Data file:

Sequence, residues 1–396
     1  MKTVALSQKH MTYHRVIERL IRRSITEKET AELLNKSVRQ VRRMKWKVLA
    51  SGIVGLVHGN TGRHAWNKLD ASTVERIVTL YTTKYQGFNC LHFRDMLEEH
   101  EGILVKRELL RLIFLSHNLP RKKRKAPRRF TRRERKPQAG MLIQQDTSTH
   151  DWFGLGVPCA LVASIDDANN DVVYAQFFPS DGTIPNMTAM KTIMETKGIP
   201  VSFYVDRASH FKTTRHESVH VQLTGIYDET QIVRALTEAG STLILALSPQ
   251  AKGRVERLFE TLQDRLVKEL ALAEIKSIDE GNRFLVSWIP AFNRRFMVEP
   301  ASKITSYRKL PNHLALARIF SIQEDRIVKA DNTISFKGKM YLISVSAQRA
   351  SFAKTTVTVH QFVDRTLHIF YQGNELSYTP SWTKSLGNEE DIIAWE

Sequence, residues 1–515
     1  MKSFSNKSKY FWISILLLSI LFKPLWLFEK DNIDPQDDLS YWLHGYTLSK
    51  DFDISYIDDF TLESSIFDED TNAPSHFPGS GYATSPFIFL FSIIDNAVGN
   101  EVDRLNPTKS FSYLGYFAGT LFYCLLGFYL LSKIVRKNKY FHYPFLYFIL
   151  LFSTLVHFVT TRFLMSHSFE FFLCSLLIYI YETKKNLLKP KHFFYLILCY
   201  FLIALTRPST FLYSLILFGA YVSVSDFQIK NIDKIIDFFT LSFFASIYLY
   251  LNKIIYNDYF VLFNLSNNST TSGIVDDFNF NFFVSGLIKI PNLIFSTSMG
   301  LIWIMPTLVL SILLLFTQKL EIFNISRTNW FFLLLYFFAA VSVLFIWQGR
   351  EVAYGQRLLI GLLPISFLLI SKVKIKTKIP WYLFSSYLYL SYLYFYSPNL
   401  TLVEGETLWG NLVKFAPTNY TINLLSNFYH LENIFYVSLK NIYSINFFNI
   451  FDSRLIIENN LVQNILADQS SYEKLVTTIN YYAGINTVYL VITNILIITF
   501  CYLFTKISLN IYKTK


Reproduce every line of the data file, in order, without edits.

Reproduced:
Sequence, residues 1–396
     1  MKTVALSQKH MTYHRVIERL IRRSITEKET AELLNKSVRQ VRRMKWKVLA
    51  SGIVGLVHGN TGRHAWNKLD ASTVERIVTL YTTKYQGFNC LHFRDMLEEH
   101  EGILVKRELL RLIFLSHNLP RKKRKAPRRF TRRERKPQAG MLIQQDTSTH
   151  DWFGLGVPCA LVASIDDANN DVVYAQFFPS DGTIPNMTAM KTIMETKGIP
   201  VSFYVDRASH FKTTRHESVH VQLTGIYDET QIVRALTEAG STLILALSPQ
   251  AKGRVERLFE TLQDRLVKEL ALAEIKSIDE GNRFLVSWIP AFNRRFMVEP
   301  ASKITSYRKL PNHLALARIF SIQEDRIVKA DNTISFKGKM YLISVSAQRA
   351  SFAKTTVTVH QFVDRTLHIF YQGNELSYTP SWTKSLGNEE DIIAWE

Sequence, residues 1–515
     1  MKSFSNKSKY FWISILLLSI LFKPLWLFEK DNIDPQDDLS YWLHGYTLSK
    51  DFDISYIDDF TLESSIFDED TNAPSHFPGS GYATSPFIFL FSIIDNAVGN
   101  EVDRLNPTKS FSYLGYFAGT LFYCLLGFYL LSKIVRKNKY FHYPFLYFIL
   151  LFSTLVHFVT TRFLMSHSFE FFLCSLLIYI YETKKNLLKP KHFFYLILCY
   201  FLIALTRPST FLYSLILFGA YVSVSDFQIK NIDKIIDFFT LSFFASIYLY
   251  LNKIIYNDYF VLFNLSNNST TSGIVDDFNF NFFVSGLIKI PNLIFSTSMG
   301  LIWIMPTLVL SILLLFTQKL EIFNISRTNW FFLLLYFFAA VSVLFIWQGR
   351  EVAYGQRLLI GLLPISFLLI SKVKIKTKIP WYLFSSYLYL SYLYFYSPNL
   401  TLVEGETLWG NLVKFAPTNY TINLLSNFYH LENIFYVSLK NIYSINFFNI
   451  FDSRLIIENN LVQNILADQS SYEKLVTTIN YYAGINTVYL VITNILIITF
   501  CYLFTKISLN IYKTK